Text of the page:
Common Birds You Never Want To See At Your Bird Feeder

Bird-watchers are a pretty indiscriminate lot. Their love for the winged creatures extends far beyond admiration and can sometimes stretch into obsession. From robins, tufted titmice, and chickadees to woodpeckers, bluebirds, and cardinals, all birds are welcome at the backyard bird feeder. Well, almost all. There are a select few birds that are so aggressive that even the most sympathetic bird watcher wants nothing to do with them.

Though the majority of backyard birds are able to live harmoniously with one another, there are just those birds that don't like to play nice in the water bath. From bullying other birds away from the feeder to laying their eggs in other birds' nests of other birds, these avifauna can actually be quite damaging to the local ecosystem.

Some of the birds on this list will no doubt be familiar to you. Others you may not have heard about. Whichever camp you are in, we'll go over why these birds are unwelcome additions to your backyard and ways you can deter them from setting up shop for the long haul. Here are 10 common birds you never want to see at your bird feeder.

Common grackle

One thing you'll notice about all of the birds on this list is that they are incredibly beautiful in their own right, but they will certainly overstay their welcome sooner rather than later. The common grackle is one such bird. A type of blackbird, the common grackle is distinguished by its long, pointed beak and dark feathers, shimmering with hints of navy and forest green. 

Common grackles are found primarily in the Eastern United States and Canada but have been seen as far west as Idaho. Their behavior towards other birds is akin to the schoolyard bully. Grackles are a bit larger than most songbirds and use that size to their advantage when it comes to bullying. Also, because grackles flock together, they can very easily take over an area, choking out the smaller birds and preventing them from getting any of the feed. They're also particularly messy, throwing seeds and emptying feeders like angry toddlers in the kitchen pantry.

One of the easiest ways to deal with grackles is to change the style of feeder you use. For instance, tube feeders with small perches are harder for the larger grackles to use. Bottom-accessed suet feeders are another good option. Overall, because they are so common, you're likely going to have to deal with grackles at least once in your backyard bird-watching life, but if you put the right precautions in place, they'll get frustrated and leave sooner rather than later.

Red-winged blackbird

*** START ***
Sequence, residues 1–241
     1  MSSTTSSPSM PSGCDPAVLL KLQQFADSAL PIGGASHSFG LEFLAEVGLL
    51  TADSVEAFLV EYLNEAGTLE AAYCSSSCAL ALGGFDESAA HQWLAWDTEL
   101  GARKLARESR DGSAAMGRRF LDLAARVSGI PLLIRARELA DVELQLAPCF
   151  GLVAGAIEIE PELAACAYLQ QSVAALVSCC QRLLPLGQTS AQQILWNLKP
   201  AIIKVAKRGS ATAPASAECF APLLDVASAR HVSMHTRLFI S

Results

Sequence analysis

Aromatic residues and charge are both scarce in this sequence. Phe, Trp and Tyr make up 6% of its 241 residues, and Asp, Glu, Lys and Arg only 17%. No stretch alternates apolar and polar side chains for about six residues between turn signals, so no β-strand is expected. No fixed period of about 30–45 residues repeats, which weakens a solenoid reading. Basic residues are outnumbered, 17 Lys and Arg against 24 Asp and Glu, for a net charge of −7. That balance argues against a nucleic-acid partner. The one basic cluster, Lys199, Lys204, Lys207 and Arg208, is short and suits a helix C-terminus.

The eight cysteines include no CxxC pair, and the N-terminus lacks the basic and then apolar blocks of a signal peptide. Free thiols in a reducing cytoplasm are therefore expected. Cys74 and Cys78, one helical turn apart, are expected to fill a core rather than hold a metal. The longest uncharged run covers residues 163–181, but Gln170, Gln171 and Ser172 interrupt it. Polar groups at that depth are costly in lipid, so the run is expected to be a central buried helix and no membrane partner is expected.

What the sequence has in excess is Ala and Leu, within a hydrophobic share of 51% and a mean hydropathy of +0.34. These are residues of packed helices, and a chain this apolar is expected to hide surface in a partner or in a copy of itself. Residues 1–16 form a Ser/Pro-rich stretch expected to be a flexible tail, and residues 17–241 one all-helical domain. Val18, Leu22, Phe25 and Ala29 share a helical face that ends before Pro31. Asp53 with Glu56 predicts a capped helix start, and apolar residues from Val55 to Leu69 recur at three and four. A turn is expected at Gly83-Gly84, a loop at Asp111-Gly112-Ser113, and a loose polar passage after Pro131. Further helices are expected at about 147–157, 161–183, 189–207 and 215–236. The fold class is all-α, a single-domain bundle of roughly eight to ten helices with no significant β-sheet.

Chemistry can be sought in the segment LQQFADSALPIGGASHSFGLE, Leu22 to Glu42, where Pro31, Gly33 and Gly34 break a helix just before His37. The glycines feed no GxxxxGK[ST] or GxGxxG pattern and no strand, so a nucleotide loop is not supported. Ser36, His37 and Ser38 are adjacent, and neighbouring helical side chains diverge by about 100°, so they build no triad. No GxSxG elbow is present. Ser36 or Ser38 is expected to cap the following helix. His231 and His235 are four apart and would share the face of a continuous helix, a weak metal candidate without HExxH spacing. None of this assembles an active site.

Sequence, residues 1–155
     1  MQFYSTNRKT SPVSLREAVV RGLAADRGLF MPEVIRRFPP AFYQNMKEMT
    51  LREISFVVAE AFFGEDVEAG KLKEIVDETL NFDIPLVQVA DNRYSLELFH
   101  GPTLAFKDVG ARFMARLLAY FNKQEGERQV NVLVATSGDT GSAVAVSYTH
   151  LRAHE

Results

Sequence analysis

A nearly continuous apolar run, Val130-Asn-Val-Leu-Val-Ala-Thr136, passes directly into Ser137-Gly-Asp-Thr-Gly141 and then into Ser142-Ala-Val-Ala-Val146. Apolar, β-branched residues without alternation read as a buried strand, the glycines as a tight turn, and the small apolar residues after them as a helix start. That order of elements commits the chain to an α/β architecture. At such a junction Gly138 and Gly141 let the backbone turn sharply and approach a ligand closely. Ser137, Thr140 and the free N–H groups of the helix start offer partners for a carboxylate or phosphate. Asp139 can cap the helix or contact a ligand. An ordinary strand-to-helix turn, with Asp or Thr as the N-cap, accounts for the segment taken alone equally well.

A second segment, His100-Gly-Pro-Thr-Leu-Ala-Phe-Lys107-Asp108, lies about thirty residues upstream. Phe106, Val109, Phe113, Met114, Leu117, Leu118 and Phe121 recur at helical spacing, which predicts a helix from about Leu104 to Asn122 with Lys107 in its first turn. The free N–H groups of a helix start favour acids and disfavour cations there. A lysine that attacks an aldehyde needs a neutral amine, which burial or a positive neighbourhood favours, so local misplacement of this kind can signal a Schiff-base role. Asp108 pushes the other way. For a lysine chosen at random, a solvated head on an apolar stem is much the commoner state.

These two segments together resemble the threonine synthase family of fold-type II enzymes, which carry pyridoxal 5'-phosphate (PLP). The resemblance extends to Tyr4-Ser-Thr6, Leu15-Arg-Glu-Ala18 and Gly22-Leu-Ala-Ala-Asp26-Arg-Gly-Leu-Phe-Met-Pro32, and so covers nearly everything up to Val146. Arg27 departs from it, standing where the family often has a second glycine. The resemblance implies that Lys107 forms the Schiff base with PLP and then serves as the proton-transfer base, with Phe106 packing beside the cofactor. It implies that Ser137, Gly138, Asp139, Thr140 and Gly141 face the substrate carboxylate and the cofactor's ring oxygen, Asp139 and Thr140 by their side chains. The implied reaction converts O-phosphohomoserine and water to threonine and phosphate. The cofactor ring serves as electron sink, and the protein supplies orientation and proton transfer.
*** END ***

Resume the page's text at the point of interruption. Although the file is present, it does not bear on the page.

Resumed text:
Notable for their burnt orange shoulders, red-winged blackbirds have a fierce sense of territoriality. This means that once they have decided that your backyard is the place for them, they are going to defend it like it's their Alamo. They don't like any other birds venturing anywhere near their zone.

The bullying tactics of the red-winged blackbird are rather cruel. As opposed to just choking the other birds out from the feeders, the red-wings will go so far as to attack and physically chase birds away from their territory. And it is not just other birds the red-wings will go after. If you've got pets, these birds will have no problem attacking dogs and cats, regardless of the difference in size. They also have no issue attacking people, which makes them particularly aggravating and potentially quite dangerous because blackbirds are known to carry a number of harmful diseases.

Changing your feeder style will work to deter these birds, but you should also consider opting for a different variety of feed. Red-winged blackbirds love seed mixes, as they are very tasty and easy to eat. See if you can't swap this out for seeds like striped sunflower seeds or safflower seeds, as they have a much thicker shell that is difficult for the bird to break through. Thistle seeds, corn, millet, and wheat are also good options.

Blue jay

If there is one bird on this list that even the most patient of bird watchers loathe for their behavior, it's blue jays. They are ruthless bullies who are loud to boot. They really, and we mean really, like the sounds of their own voices. If that weren't enough to make them unwelcome, their treatment of other birds at the feeder certainly will be.

Like red-winged blackbirds, blue jays are extremely territorial. If your feeder happens to be in "their zone," they are going to attack any birds that come near. And it's not like the normal kind of bird scuffle. No, blue jays are so mean that they have been known to chase birds all the way back to their nests, kill them by decapitation, and then eat the eggs or nestlings. That is the ruthless kind of behavior that gives these birds such a bad reputation.